2. Fulfilled completed status, indicating that the operation has been completed
  3. Rejected operation failed
JavaScript asynchronous programming
JavaScript asynchronous programming

Basic usage of Promise

Return to resolve

const promise = new Promise((resolve, reject) => {
  resolve(100)
})

promise.then((value) => {
  console.log('resolved', value) // resolve 100
},(error) => {
  console.log('rejected', error)
})

JavaScript asynchronous programming

Return reject

const promise = new Promise((resolve, reject) => {
  reject(new Error('promise rejected'))
})

promise.then((value) => {
  console.log('resolved', value)
},(error) => {
  console.log('rejected', error)
})

JavaScript asynchronous programming

Even if there is no asynchronous operation in the promise, the callback function of the then method will still enter the event queue.

Promise chain call

The then method of the promise object returns a brand new promise object. You can continue to call the then method. If the return is not a promise object, but a value, then this value will be passed as the value of the resolve. If there is no value, the default is undefined.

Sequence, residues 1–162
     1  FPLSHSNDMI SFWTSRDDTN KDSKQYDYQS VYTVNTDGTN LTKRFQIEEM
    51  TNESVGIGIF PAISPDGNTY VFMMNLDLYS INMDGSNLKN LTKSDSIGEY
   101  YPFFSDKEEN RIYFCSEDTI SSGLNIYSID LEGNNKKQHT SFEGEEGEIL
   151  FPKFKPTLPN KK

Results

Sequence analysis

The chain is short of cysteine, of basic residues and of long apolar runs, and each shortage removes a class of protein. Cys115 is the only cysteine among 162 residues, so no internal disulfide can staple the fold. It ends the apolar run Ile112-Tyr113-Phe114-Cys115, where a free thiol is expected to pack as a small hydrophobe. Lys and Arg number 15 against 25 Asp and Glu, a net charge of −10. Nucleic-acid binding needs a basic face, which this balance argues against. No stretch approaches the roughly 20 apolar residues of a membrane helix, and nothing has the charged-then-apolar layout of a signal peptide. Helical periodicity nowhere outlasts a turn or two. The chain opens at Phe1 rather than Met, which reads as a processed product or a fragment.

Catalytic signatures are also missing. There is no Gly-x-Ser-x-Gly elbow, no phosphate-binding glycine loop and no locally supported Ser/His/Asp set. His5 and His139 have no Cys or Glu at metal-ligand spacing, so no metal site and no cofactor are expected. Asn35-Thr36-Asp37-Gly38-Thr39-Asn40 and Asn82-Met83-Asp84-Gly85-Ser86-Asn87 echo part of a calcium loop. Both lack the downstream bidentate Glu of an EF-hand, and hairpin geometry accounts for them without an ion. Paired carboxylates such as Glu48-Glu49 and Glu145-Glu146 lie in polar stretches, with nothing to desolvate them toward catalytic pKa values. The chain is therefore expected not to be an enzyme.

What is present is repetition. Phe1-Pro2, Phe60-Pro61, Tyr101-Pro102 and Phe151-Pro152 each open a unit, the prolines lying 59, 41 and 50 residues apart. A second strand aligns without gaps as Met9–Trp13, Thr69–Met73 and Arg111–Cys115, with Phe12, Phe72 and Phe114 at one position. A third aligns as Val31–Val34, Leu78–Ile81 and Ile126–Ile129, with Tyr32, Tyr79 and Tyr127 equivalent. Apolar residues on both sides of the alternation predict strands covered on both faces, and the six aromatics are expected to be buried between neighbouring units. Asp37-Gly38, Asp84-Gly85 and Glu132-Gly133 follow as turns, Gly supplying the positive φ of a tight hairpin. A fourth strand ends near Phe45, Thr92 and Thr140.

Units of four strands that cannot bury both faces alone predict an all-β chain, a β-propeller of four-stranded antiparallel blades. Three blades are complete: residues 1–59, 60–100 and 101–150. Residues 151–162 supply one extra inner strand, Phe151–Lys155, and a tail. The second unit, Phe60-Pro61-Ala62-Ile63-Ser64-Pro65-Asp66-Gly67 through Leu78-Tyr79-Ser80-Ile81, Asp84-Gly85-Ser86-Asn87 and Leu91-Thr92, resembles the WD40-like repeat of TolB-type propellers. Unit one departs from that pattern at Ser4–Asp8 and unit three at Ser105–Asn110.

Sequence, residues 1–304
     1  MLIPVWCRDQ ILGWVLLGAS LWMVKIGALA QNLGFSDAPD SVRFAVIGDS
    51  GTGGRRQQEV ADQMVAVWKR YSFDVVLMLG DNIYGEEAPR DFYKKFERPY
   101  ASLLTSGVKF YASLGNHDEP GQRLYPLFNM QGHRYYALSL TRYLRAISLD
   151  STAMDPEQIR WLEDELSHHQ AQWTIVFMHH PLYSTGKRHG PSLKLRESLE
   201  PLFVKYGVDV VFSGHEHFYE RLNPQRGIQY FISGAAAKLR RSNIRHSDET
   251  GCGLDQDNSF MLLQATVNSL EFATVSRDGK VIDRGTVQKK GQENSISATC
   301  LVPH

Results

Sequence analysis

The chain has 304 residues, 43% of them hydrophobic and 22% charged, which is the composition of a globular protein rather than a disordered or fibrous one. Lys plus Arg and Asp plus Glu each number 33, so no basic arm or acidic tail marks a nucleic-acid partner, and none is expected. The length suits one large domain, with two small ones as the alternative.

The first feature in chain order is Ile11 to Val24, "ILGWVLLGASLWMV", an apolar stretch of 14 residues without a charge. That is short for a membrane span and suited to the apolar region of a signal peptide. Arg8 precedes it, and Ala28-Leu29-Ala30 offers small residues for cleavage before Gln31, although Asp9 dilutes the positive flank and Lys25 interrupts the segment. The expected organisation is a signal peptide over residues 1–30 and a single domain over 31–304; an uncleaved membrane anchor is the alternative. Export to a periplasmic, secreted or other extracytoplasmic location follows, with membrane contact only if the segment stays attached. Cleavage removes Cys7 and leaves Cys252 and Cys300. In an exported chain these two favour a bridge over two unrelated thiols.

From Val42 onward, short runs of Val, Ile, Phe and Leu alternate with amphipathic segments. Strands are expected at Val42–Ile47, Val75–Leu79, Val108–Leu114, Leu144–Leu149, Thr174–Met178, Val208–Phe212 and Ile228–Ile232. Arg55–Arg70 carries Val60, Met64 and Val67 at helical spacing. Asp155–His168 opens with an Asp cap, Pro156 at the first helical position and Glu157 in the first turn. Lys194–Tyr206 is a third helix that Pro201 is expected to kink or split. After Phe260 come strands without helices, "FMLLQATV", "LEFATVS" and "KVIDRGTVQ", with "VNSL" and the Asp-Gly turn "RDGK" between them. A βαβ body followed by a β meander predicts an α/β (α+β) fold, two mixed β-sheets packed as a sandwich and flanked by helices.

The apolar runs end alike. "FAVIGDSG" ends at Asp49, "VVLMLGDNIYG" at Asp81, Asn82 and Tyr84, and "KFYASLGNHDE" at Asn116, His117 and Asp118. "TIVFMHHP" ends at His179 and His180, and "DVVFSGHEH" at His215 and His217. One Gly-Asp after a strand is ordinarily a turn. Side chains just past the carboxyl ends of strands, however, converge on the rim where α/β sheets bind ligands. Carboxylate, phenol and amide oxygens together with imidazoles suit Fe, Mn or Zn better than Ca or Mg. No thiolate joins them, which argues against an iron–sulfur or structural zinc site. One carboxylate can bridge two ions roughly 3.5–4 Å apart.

The following then method is to register a callback for the Promise returned by the previous then.

The return value of the callback function in the previous then method will be used as the callback parameter of the subsequent then method.

If the promise is returned in the callback, then the callback of the then method will wait for its end.

// promise is assumed to be a Promise instance
// The callback in then returns a Promise instance
promise.then(()=>{
return new Promise((resolve,reject)=>{
// some code
resolve("actual parameter A")
})
}).then( (Receive the actual parameter A)=>{ as the callback in the previous then})


// The callback return in then is not a promise instance
promise.then(()=>{ return 123 })
.then(val=>{ console.log(val) // 123 })

JavaScript asynchronous programming

Promise exception handling

onRejected method of callback in then

Which is the second callback function in then